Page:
Paul elaborated on his thinking at the meeting before the vote. “I have not been given anything or promised anything,” he said, though he added that Trump had agreed to a discussion on his libertarian views on government surveillance. “I have changed my mind,” Paul said. “I decided to go ahead and vote for Director Pompeo because he assured me has learned the lesson and time will tell if those assurances are true.”
Paul, who has aligned himself with Trump’s “America First” rhetoric, had criticized Pompeo as out of step with the president. “My biggest problem with your nomination is I don’t think it reflects the millions of people who voted for President Trump who actually voted for him because they thought he’d be different,” Paul told him at his confirmation hearing.
What may have helped persuade Paul to change his mind was the knowledge that the committee’s rejection of Pompeo would soon be rendered moot. The CIA director had received crucial endorsements earlier Monday afternoon from Democratic Senators Joe Manchin of West Virginia and Joe Donnelly of Indiana, who joined Senator Heidi Heitkamp of North Dakota in committing their votes for Trump’s pick on the floor—virtually assuring his confirmation by the full Senate.
Republicans have a slim, 51 to 49 seat majority, and although Senator Jeff Flake of Arizona was also undecided, Paul was expected to be the only member of the party to oppose Pompeo. The support of at least three Democrats would have been enough. Had Paul not flipped at the last minute, Pompeo could have become the first Cabinet officer to win confirmation despite an unfavorable vote in committee since 1945, when former Vice President Henry Wallace overcame a similar rebuke in his bid to be commerce secretary in the final months of the Franklin Roosevelt administration.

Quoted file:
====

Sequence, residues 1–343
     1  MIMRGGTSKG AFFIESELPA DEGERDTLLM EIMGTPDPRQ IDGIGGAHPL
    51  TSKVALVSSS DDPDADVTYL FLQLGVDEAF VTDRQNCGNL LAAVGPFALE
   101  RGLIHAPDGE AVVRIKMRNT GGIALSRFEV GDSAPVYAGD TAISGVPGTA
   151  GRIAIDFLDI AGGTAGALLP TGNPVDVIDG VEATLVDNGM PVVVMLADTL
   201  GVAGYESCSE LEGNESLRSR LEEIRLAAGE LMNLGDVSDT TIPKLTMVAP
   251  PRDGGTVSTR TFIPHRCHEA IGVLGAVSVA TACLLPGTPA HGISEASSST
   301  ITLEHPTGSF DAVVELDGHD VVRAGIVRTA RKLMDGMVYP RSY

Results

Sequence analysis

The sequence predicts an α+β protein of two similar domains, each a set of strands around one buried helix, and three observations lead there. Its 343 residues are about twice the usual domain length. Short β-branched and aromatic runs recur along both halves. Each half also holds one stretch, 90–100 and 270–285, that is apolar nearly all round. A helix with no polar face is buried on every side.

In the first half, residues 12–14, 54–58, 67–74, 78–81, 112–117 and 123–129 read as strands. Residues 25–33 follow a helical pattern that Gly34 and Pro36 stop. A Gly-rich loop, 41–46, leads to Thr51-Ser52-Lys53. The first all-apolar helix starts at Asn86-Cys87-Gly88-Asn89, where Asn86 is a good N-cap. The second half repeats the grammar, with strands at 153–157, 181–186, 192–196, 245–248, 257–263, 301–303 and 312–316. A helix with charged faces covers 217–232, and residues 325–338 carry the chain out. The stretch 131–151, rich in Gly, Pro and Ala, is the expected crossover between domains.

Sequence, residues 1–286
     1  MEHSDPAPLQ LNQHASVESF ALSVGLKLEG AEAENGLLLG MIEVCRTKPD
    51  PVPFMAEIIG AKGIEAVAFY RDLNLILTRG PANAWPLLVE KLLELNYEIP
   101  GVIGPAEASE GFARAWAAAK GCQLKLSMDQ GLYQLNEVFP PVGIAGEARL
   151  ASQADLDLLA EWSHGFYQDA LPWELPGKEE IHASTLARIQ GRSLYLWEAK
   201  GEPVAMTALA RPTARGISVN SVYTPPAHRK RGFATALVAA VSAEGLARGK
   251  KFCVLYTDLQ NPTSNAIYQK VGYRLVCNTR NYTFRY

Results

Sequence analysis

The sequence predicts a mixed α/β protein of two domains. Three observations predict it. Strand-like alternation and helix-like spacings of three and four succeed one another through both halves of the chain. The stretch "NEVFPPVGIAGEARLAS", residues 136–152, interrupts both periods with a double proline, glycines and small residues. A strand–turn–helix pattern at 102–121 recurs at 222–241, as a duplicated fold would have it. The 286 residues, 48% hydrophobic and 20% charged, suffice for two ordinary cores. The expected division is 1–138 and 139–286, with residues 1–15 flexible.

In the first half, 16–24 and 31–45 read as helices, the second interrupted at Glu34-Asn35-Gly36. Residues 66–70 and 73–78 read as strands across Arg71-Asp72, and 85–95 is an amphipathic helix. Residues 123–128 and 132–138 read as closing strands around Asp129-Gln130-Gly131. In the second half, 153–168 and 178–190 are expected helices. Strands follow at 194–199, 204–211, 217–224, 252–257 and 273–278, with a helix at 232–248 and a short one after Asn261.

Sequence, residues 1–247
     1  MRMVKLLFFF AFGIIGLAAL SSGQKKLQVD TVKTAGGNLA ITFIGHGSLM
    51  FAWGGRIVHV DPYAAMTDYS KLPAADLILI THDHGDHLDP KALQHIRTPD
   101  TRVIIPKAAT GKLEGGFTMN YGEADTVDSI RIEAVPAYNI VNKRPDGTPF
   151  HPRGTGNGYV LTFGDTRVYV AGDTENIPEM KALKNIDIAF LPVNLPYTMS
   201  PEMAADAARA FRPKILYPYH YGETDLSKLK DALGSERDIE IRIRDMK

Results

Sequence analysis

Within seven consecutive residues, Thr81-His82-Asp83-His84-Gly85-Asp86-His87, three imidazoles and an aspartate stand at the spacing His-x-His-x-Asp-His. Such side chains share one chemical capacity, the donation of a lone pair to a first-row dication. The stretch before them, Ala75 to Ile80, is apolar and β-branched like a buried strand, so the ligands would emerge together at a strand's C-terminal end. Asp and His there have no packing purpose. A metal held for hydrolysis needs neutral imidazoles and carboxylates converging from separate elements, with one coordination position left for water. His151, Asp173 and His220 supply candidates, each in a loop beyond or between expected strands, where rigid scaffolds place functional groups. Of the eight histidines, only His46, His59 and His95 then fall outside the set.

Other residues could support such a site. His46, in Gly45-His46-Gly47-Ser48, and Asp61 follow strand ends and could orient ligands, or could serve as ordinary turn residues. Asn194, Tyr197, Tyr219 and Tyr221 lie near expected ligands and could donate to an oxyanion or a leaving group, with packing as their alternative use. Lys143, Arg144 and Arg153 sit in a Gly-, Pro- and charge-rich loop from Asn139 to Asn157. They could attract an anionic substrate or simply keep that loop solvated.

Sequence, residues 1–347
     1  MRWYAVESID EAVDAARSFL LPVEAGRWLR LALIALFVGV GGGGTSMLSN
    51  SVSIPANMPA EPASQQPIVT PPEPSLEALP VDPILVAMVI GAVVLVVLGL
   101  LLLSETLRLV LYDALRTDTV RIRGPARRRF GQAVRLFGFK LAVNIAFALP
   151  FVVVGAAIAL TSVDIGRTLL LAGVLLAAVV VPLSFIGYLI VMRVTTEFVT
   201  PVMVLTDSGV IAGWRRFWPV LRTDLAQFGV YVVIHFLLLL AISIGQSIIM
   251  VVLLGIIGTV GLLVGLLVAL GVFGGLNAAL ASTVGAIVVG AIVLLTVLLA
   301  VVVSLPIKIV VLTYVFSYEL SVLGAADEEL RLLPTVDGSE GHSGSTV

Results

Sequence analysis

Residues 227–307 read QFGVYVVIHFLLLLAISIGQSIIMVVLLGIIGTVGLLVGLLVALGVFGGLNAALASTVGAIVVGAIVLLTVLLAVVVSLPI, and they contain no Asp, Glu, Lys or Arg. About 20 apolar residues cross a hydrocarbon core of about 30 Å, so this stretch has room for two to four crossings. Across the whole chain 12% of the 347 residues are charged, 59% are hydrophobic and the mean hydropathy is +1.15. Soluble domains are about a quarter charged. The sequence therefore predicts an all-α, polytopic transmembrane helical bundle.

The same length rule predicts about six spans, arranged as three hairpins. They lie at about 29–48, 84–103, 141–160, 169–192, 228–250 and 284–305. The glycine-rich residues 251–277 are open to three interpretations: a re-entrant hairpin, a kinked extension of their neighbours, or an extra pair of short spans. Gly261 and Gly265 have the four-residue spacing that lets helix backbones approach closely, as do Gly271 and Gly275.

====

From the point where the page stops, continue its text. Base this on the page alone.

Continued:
Despite Paul’s support, the tight committee margin made for a difficult vote for Republicans. Because Republican Senator Johnny Isakson of Georgia had been absent, technically the vote was tied at 10 to 10. Isakson voted yes by proxy, but the committee rules require members to be present to send a nomination to the floor. The committee’s chairman, Senator Bob Corker of Tennessee, tried to get Democrats to agree to waive that rule, but they went into a brief recess early Monday evening to figure out what to do. Ultimately, Democratic Senator Chris Coons of Delaware agreed to vote present instead of no to allow the nomination to move forward instead of reconvening late in the night once Isakson returned from a funeral. Coons said he had expected the nomination to fail with Paul’s opposition, but once Paul flipped, he understood the vote would be successful one way or another.
In the last week, Trump administration officials had made an aggressive push either to flip Paul or to persuade Democrats on the Foreign Relations Committee that their opposition to Pompeo in the panel vote would be for naught. “Mike Pompeo will be confirmed,” Senator Tom Cotton of Arkansas, an ally of the former Kansas congressman when the two served together in the House, vowed to reporters on a conference call arranged by the White House. “If the munchkin Metternichs on the Foreign Relations Committee want to vote against Mike Pompeo, the Senate will set them straight,” he added in a reference to the 19th-century chancellor of the Austrian empire who was toppled by revolution. (The Harvard-trained Cotton later referred to Democrats as “two-bit Talleyrands”—an apparent reference to the French diplomat who betrayed Napoleon.)